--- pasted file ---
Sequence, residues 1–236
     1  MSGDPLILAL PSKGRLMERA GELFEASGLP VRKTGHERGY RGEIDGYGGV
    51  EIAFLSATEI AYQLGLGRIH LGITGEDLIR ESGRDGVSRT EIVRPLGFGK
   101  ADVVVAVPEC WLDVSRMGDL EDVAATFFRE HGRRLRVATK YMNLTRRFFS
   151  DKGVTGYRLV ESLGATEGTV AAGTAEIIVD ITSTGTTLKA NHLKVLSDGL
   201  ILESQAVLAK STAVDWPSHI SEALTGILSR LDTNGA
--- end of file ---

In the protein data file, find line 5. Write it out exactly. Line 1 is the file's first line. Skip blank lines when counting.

   151  DKGVTGYRLV ESLGATEGTV AAGTAEIIVD ITSTGTTLKA NHLKVLSDGL